Tuesday, May 26, 2009
Under the weather.
Before we left Toronto, there were two things we were afraid of. One: getting robbed. And two: getting sick. You can't prevent either. But you can do your best. Back in the winter, we’d made the trip to the travel doctor and loaded up on malarial medications and other vaccines. But you can’t take anything for the dreaded traveller’s diarrhea. Alas, last night Adrian and I both felt some rumblings in our tummies. And this morning we were finally inducted in the traveller’s diarrhea club. Not that we wanted membership. And to complicate matters, I now had a cold too, most likely brought on by the stress of trying to get my diving certification.
While Adrian sat around trying to establish where we could have gotten this stomach bug – Was it the bbq street meat? The seafood at the fancier restaurant? All the ice cubes in all our cold drinks? Was the cutlery not clean? Is it contagious? – I lay in bed feeling weak and congested in the 34 degree heat (humidex of 41), hoping it wasn’t Swine Flu. No, not really. But sometimes it’s fun to be melodramatic. Just not when someone else is doing it.
And Adrian’s constant analysis of every thing we’d eaten and drank in the last week was driving me nuts so I told him to go jump in the water. I meant that literally since Rubi’s had a swimming dock right on the clear water. Yes, Rubi’s was a vast improvement over our accommodations at Cross Creek. There was really no better place to be sick. Clean, comfy, quiet and sand fly free.
An American girl arrived from Guatemala without any money and a bank card that stopped working. To make matters worse it was Memorial Day long weekend in the states so she couldn’t even phone to sort it out. She was super stressed and starving but Tony, the owner told her not to worry. He lent her some money and gave her some food and told her she could pay him back when she was able to get money. See, told you it was a great place.
Melissa was a cool chick and we chatted for a bit comparing travel stories. She’d been in Guatemala for the last month and a half mostly in Antigua where she’d gotten sucked into the vibe there. She’d been lucky to find a room with a family so she’d had a really interesting time in the town. One of the benefits of traveling alone – 0ut of necessity you have to meet people, unlike Adrian and I who always had each other. We’d met people but not in the way that many single travelers like Melissa had.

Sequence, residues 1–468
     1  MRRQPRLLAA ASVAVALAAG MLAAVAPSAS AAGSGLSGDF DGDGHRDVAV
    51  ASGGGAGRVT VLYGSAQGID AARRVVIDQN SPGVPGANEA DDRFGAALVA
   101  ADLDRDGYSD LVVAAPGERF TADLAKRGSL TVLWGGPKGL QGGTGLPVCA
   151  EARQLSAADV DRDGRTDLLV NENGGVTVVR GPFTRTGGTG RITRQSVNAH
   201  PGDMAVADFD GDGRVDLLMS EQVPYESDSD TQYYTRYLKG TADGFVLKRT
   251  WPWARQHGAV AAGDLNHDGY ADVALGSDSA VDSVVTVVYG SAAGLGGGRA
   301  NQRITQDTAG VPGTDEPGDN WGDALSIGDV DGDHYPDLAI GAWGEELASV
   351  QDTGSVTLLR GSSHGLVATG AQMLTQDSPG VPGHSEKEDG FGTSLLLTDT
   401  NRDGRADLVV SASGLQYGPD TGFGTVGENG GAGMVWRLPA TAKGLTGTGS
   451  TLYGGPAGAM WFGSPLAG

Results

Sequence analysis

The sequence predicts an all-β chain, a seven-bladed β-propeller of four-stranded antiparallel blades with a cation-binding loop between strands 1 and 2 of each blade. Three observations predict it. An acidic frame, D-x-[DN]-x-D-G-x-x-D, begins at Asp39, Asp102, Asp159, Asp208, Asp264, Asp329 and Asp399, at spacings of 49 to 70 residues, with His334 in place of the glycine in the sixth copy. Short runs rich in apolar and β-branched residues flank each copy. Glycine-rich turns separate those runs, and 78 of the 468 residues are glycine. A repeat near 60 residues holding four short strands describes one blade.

Melissa set out to explore the island leaving me with the resident cat who was desperate to get at the leftover salmon Adrian had in the fridge reminding me to finally throw it out. Adrian returned from his swim and came back with a bag full of crackers, bananas, gaterade, fried rice and Pepto Bismo to quell our stomachs. Not my favourite meal so far but it helped a bit and the next day our stomachs were somewhat better. My cold was out of my head although my lungs were starting to ache as I coughed. Luckily I have a year’s supply of inhalers in my bag and I began sucking on one to control the hacking.
I stayed in again while Adrian went out to explore the island. He went to the beach near the old airport strip while I spent the day struggling to upload the photos. In the last 24 hours I’d only gotten 80 photos to upload. Crazy. So I gave up and began to work on filling in the gaps in my diary. It had been over a month since I’d blogged new stuff. I knew it was a long time. Yet, it all seemed like it happened yesterday. Good thing because there were a lot of days that needed to be filled in. I couldn’t be bothered to put up a new post with the crappy internet but at least I’d be ready when we finally found good wifi. Whenever and wherever that would be.
Adrian came back from the beach with a red face (sun burn) and wet underwear (he’d forgotten his swimming trucks). And we joined Melissa in the water off the dock. When we came out, Tony was kicking two guys out of the hotel for punching a hole in the wall of their room (they had been wrestling while drunk). He didn’t want guests like that he said. Melissa checked out after that too and it all felt a little weird. She’d told Adrian she was going to start at a dive school. But it felt like there was something going on. I felt bad for Tony because we were leaving tomorrow too, provided that I didn’t feel worse in the morning.
Although I still wasn’t feeling great and our stomachs were still not cooperating we headed out for dinner. It was our last day in Utila and we needed to end with a better memory than crappy diving instructors, weird hotel guests and an assortment of illnesses. The food at Babalu wasn’t going to be that good memory. But the sunset from the bar was.